3. Experts Sound the Alarm After Trump Plans
to Ditch Nuclear Arms Control Treaty With Russia
This article is by
Jessica Corbett on Common Dreams. It starts as follows:
Concerns are mounting after
President Donald Trump confirmed on Saturday that he will withdraw from
a Cold War-era nuclear arms control treaty with Russia following reports
that National Security Adviser John Bolton had been pushing the plan
behind closed doors despite warnings
from experts that ditching the agreement "would be reckless and stupid."
The Guardian had
Friday that Bolton and an ally in the White House have been working to
convince members of the administration to support the United States
withdrawing from the 1987 Intermediate-range Nuclear Forces treaty
(INF) on the grounds that Russia is
violating it. Nuclear arms control experts and others rapidly
responded with alarm. Many agreed that Russia's alleged violation
"merits a strong response" but noted a withdrawal could alienate
European allies and raise the chances of armed conflict.
Yes, although I do
like to point out that ¨intermediate-range nuclear forces¨ are far
more dangerous to Russia than to the USA, for the simple reason
that a great part of Russia is surrounded by countries that very
often have USA troops quartered in them, while this is not at all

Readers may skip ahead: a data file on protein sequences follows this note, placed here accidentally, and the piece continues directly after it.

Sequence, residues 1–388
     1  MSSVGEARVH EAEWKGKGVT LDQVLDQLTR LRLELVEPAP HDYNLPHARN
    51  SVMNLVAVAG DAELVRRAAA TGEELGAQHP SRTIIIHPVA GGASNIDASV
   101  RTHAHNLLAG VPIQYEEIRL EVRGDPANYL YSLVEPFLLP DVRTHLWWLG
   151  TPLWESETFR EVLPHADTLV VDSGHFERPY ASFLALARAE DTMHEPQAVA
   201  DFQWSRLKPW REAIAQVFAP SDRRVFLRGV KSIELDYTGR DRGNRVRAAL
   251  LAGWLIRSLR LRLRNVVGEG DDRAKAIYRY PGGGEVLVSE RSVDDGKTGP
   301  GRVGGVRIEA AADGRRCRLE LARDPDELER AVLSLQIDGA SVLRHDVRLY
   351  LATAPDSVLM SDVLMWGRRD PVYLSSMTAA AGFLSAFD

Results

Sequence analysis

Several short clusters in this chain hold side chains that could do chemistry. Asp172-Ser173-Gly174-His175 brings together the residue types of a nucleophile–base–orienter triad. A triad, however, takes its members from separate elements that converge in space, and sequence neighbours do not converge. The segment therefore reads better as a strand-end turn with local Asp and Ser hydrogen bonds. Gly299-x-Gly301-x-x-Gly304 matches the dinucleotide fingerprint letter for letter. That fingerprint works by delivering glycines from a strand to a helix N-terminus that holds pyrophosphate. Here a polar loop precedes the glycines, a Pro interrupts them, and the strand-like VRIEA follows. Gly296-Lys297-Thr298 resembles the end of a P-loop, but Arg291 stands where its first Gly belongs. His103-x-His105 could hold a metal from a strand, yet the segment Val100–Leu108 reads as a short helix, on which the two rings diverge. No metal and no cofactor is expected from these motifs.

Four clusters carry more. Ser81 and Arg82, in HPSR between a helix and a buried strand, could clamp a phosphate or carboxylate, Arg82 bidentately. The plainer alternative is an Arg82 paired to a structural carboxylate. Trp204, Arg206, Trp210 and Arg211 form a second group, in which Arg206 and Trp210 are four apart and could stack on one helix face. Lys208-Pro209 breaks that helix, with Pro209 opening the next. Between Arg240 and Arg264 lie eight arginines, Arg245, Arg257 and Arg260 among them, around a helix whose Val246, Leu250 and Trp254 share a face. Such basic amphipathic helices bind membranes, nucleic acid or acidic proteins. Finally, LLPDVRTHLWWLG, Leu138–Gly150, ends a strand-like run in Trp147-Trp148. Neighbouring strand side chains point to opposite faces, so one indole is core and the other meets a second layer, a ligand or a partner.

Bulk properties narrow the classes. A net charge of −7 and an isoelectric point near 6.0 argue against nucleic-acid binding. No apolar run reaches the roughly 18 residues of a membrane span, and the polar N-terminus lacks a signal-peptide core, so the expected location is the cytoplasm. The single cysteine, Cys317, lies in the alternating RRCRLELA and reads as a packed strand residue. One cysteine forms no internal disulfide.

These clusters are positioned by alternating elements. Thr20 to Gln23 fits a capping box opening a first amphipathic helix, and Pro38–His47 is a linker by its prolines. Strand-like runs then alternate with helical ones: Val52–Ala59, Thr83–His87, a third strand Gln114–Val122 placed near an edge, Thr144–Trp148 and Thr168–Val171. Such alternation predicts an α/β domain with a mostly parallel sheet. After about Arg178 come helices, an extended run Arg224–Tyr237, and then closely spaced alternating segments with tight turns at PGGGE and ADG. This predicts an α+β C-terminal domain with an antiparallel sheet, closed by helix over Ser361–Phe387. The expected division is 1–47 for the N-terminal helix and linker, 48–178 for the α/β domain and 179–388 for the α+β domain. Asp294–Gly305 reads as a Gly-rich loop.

true of the USA.
Here is more Trump:
The real point is
the last sentence. Here is the last part that I quote from this article:
While claiming he would be
receptive if both Russia and China concluded, "'Let's all of us get
smart and let's none of us develop those weapons," under current
circumstances, Trump appears hellbent on making more weapons. "If
Russia's doing it and if China's doing it and we're adhering to the
agreement, that's unacceptable," he said. "So we have a tremendous
amount of money to play with with our military."
"We are going to terminate the
agreement and we are going to develop the weapons."
Quite so. And this is a
Responding to the
developments in a series of tweets, Alexandra Bell, a former
senior arms control official at the State Department who is now at the
Center for Arms Control and Non-Proliferation, said:
"Trump says that he is abandoning the INF treaty, basically confirms a